Business Digest


June 30, 2005

In the Region

Developers buy last campground in Ocean City

The only spot where tent and RV campers can lay their heads in Ocean City has been sold, officials said yesterday.

Wilma Thomas, the campground's manager, said its owners have decided to sell the property for development. "The most feasible use for this property is not as a campground at this time, so therefore, it has been sold," Thomas told The Daily Times of Salisbury. "It's sad, but I think everyone here knew it would happen."

Donna Abbott, an Ocean City spokeswoman, said development trends within the city are leading property owners away from RV campgrounds and tent sites.

The Ocean City Campground is a 200-lot facility that has been operating for several decades. The campground is a mix of nightly rentals, including some tent sites, and longer-term leases on lots big enough for trailers. State Comptroller William Donald Schaefer owned a trailer on the popular campground about 10 years ago.

NeighborCare to fill Medco prescriptions

NeighborCare Inc., the institutional pharmacy based in Baltimore, announced an agreement with Medco Health Solutions Inc. yesterday to supply prescriptions to nursing home residents under the new Medicare prescription benefit, which begins next year.

Medco, a pharmacy benefits management company in Franklin Lakes, N.J., plans to offer a Medicare prescription plan. NeighborCare's pharmacies in 34 states, which already fill prescriptions for nursing home residents, will become part of Medco's network, meaning Medco members can get prescriptions filled by NeighborCare.

Allegheny Energy seeks loan to refinance debt

Allegheny Energy Inc., which owns power plants and utilities in five states, including Maryland, is seeking a $1.08 billion loan to refinance debt at lower rates, the company said yesterday.

The proposed loan will be used to repay a $744 million loan that carries interest at 2.5 percentage points more than the London inter-bank offered rate. The utility owner is seeking to cut interest costs.

Allegheny, based in Greensburg, Pa., will also use the proceeds to repay about $331 million of its 10.25 percent senior notes due in November 2007 and $35 million of its 13 percent senior notes also maturing in November 2007, the company has said.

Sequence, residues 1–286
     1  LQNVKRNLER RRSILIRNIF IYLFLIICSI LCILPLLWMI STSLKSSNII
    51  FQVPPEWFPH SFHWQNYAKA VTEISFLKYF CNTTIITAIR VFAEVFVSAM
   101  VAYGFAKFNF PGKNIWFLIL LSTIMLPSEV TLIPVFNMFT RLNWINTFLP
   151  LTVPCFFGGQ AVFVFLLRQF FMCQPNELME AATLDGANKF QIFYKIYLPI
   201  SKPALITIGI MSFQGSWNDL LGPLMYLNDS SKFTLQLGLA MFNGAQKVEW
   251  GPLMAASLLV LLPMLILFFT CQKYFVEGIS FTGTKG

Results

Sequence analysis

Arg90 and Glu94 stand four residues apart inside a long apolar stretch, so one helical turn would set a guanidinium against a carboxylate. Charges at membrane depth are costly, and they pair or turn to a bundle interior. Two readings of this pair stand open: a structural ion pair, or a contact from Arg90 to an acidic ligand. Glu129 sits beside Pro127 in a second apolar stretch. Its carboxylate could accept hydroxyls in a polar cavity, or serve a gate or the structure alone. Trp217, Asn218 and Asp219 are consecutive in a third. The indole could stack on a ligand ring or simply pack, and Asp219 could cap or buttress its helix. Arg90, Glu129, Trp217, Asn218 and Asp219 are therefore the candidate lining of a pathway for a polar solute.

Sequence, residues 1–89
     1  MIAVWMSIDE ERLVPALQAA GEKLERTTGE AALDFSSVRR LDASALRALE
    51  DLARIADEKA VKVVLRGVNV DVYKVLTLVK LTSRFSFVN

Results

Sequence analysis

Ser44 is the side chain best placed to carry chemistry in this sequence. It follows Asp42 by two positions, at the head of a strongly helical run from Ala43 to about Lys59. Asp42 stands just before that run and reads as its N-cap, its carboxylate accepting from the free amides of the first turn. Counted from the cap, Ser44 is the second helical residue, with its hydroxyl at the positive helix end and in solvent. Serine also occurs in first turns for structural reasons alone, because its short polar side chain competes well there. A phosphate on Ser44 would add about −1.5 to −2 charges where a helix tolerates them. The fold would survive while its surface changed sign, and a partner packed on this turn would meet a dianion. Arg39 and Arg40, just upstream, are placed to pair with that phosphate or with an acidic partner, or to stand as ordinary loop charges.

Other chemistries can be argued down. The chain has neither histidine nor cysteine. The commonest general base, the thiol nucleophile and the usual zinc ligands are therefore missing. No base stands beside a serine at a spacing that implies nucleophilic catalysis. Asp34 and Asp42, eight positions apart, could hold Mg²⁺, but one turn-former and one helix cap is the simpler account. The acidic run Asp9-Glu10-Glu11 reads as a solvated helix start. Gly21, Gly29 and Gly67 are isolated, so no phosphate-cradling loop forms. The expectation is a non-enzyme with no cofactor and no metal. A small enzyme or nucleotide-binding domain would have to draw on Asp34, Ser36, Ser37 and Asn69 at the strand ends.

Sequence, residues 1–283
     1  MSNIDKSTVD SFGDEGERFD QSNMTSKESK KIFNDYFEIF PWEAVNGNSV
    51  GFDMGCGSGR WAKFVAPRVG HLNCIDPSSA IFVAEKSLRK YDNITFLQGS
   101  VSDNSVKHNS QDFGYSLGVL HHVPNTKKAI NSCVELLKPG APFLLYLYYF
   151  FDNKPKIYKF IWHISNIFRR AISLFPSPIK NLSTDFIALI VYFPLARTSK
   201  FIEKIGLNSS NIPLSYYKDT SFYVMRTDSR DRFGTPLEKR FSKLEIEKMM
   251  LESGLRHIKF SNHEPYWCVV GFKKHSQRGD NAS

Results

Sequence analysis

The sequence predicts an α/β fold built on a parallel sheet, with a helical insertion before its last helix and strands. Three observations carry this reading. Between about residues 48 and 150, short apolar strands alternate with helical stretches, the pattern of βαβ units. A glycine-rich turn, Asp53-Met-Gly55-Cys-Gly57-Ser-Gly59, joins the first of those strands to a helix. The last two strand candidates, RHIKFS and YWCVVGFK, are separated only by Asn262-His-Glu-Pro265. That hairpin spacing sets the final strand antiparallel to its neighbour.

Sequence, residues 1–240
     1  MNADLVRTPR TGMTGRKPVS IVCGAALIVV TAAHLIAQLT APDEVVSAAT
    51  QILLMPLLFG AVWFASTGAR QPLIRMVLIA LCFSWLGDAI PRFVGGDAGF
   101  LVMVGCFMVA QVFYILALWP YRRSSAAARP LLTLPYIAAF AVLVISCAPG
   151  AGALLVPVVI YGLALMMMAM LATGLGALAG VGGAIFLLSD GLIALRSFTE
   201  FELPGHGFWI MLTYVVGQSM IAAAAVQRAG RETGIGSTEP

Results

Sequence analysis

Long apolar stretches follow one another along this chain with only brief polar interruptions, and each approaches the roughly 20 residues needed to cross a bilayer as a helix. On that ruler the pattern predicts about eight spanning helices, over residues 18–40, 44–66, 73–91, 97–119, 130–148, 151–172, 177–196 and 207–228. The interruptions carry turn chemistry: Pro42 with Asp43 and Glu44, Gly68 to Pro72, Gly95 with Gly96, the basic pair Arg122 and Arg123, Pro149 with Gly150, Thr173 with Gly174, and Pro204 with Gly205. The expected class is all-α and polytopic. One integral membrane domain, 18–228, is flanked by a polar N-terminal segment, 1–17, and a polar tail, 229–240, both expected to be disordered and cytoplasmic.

Shareholders OK Japanese merger, creating No. 1 bank

Shareholders of Mitsubishi Tokyo Financial Group Inc. and UFJ Holdings Inc. approved Mitsubishi Tokyo's acquisition of UFJ yesterday, paving the way for the creation of the world's largest banking group by assets.

Mitsubishi Tokyo, Japan's second-largest bank, will absorb UFJ, the nation's fourth-largest bank, on Oct. 1, creating an institution with assets of about 190 trillion yen ($1.77 trillion), surpassing U.S. financial giant Citigroup Inc.

Mitsubishi Tokyo and UFJ announced the merger ratio in February, under which one UFJ share will be exchanged for 0.62 Mitsubishi Tokyo share. Banking analysts say that share ratio was generally appropriate. Sumitomo Mitsui withdrew its merger bid, ending an unprecedented takeover battle in the Japanese banking industry.

Many foreign institutional investors, who hold about 30 percent of UFJ shares, initially had doubts about the planned merger amid a persistent bid from Sumitomo Mitsui Financial Group Inc. to merge with UFJ.

Merger rumors boost stock of 2 exchanges

Speculation about a merger of the two biggest U.S. futures exchanges vaulted Chicago Mercantile Exchange stock to an all-time high yesterday after its longtime rival, the Chicago Board of Trade, acknowledged it is considering unspecified outside offers.

Rumors of the possible cross-town pairing had circulated for months but appeared to gain credence after the Board of Trade's parent company issued a terse statement Tuesday that it had received "unsolicited, nonbinding expressions of interest in a business combination."

CBOT Holdings Inc., which has been poised to take the exchange public, said its board of directors was considering the proposals and cited the possibility of an "acquisition, sale or other transaction."

Shares of Chicago Mercantile Exchange Holdings Inc. rose $34.95, or 12.9 percent, to a record closing price of $305.95 on the New York Stock Exchange after reaching $307.80. That's more than an eightfold increase in the price since the company went public at $35 a share in December 2002.

20 bond traders to pay record $1.65 million fine

JPMorgan Chase & Co., Goldman Sachs Group Inc., Piper Jaffray Cos. and 17 other firms will pay a combined $1.65 million to the NASD for late and improper reporting of municipal bond trades, a record fine by the regulator for such lapses.

The firms made late or inaccurate reports to the Municipal Securities Rulemaking Board from January 2003 to October 2004, the NASD said in a statement yesterday. At the time, bond dealers were to report the trades by midnight of the day of the trade.

SEC clears takeover of Unocal by Chevron

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